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Grieving for Good Sense

We should realise that investment returns are not correlated with the amount of time you spend obsessing over them or by the number of people you ask for advice

Some time ago, an elderly relative of a family friend of mine passed away. The next day, while I was at the cremation, I had a really strange experience. While the pyre was burning, I noticed that a man who looked really stricken with grief at the passing of the old lady was continuously staring at me. A few minutes later, he left the group of people he was with (who were obviously close relatives of the departed soul) and came and stood next to me.

"I've seen you on the mutual fund programme on TV," he whispered. I nodded, not knowing whether I was expected to carry on a conversation. And then, having surreptitiously glanced around to make sure no one was listening, he whispered again, "Is the market going to go up?"

"I don't know," I said. It was an honest answer because I never do know what's going to happen to the markets (nor, do I think does anyone else but that's not the point). The man looked hurt and angry, perhaps because he felt that I should have done my bit to lighten his sorrow by predicting the future direction of the BSE Sensex. Once he realised that I was too heartless to oblige, he stalked off and kept glaring at me till I left.

Later, I couldn't help thinking about this incident and wonder at the vast range of attention levels that people pay to investing. I'm not talking about those who have a legitimate professional connection with the markets like investment managers, CFOs, family astrologers of stockbrokers and perhaps even editors of mutual fund magazines. I am talking instead of ordinary people who have a non-financial profession.

I've observed that there is a long scale along which people can be placed based on their interest in investing. There are those who never, ever think of savings or investments. This isn't particularly bad if all you can afford to save is what gets cut from your salary as provident fund, although even this category will need to build a little awareness--see our cover story for details.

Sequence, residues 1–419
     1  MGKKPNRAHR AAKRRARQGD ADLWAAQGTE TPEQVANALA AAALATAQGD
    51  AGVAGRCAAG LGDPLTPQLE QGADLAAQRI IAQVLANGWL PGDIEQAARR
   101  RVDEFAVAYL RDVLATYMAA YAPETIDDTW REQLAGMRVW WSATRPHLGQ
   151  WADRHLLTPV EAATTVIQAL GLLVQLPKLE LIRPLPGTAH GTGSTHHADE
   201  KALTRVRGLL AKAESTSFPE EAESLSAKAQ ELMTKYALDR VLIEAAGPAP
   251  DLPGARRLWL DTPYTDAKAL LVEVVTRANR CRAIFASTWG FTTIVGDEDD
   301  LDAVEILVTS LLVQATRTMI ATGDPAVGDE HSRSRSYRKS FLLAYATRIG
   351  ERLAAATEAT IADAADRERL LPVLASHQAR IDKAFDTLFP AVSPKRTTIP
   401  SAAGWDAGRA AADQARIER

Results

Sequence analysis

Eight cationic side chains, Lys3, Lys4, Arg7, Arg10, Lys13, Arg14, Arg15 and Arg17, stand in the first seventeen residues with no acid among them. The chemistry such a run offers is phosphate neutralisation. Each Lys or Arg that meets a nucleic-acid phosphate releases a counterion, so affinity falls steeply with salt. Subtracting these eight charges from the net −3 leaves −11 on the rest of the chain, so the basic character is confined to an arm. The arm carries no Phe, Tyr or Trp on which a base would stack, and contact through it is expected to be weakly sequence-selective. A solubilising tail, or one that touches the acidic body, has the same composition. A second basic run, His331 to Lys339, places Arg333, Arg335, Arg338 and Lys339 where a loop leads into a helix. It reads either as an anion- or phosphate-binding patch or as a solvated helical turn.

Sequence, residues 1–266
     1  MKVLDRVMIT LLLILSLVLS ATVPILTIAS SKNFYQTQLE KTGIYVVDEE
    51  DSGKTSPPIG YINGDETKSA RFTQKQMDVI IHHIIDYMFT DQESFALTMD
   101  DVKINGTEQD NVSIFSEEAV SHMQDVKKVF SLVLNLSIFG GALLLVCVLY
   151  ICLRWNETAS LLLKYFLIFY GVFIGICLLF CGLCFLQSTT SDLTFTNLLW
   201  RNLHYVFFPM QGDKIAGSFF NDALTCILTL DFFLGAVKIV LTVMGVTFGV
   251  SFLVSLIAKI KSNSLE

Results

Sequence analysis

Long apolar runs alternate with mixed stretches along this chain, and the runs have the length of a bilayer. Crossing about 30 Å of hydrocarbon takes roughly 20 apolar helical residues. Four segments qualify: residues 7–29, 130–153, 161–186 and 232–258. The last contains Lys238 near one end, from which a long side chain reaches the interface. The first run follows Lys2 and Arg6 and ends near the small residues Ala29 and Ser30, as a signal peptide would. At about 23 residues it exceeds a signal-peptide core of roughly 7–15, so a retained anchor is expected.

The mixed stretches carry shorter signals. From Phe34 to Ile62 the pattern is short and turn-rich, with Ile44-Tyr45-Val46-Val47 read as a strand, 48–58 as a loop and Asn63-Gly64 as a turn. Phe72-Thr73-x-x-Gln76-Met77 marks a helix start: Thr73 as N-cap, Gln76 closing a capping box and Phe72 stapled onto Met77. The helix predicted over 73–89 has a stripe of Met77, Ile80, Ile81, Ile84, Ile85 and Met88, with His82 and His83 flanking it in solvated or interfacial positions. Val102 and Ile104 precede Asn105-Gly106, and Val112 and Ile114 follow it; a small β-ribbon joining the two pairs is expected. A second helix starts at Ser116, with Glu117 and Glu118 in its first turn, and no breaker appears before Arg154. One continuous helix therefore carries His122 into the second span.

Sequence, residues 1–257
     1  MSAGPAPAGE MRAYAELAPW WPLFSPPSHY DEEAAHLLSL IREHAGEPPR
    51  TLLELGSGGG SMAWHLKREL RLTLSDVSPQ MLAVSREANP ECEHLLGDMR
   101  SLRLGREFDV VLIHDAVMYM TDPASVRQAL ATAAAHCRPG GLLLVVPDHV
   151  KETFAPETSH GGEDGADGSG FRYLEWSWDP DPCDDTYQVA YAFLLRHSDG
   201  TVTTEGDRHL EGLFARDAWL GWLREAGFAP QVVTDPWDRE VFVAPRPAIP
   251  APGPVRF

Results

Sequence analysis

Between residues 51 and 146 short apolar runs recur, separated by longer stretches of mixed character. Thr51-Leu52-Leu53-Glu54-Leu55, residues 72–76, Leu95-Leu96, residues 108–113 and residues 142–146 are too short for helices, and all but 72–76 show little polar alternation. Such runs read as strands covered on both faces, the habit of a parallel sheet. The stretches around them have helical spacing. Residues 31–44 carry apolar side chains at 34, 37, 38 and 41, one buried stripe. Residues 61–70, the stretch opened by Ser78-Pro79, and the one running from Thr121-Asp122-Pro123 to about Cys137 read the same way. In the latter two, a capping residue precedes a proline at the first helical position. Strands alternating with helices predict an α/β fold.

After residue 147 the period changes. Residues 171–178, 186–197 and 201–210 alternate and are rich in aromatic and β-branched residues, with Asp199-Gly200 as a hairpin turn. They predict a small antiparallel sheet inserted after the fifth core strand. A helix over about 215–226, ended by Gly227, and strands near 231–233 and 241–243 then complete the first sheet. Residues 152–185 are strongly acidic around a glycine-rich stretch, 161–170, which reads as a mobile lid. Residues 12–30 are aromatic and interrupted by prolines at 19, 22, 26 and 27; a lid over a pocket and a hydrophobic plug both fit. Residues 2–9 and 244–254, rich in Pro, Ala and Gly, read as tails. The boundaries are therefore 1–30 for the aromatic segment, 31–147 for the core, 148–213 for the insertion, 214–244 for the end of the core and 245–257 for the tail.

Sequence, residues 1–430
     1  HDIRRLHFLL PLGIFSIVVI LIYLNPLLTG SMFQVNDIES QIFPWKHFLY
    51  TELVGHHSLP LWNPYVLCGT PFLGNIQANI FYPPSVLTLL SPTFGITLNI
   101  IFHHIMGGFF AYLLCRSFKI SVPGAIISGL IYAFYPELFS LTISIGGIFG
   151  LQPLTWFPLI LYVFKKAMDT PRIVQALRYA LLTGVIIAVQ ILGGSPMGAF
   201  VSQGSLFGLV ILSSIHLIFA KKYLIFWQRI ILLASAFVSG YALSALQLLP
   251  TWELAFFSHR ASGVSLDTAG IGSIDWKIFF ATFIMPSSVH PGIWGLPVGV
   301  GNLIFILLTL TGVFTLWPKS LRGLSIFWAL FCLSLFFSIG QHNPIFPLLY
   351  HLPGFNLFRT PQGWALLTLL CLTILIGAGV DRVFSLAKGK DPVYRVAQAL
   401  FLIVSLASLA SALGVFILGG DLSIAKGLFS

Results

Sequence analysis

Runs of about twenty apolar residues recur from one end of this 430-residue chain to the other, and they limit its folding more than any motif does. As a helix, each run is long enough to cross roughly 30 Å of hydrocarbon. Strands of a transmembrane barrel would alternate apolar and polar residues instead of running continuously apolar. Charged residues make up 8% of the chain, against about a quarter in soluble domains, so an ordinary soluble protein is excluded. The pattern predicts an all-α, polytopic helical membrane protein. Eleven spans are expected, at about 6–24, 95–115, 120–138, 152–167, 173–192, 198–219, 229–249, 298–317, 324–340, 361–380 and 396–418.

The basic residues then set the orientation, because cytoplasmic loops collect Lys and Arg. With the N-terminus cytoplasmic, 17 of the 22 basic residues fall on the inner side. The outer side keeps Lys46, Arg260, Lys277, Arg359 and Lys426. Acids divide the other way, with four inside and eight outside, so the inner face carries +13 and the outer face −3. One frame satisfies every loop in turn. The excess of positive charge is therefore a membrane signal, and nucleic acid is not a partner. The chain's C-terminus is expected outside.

Then there are those who think about investments once a year, normally around the 28th of March when they wake up to making some tax-savings investments. At the other extreme are people who obsess with investments all the time without any justification. This is the category that the person who harassed me at that funeral belonged to. This category seems tormented by the thought that if only they had some real information about the markets--some secret that others know and are not telling--then they too could earn crores without any effort.

I really like what I do as a profession but I must tell you that while the above incident is the only time I've been harassed by a mourner at a funeral, most people who are in professions similar to mine are frequently waylaid by these obsessive seekers of the markets' secrets.

I think there's a correct level of interest in investing. Perhaps this correct level should be calculated by looking at the proportion between your real income and the returns from your investments. I mean if your main professional income is fifty times the amount of your investments' returns then you surely should limit your investment research to perhaps reading this magazine for maybe one day in a month. At the very least, we should all realise that investment returns are not correlated with the amount of time you spend obsessing over them or by the number of people you ask for advice, specially at funerals.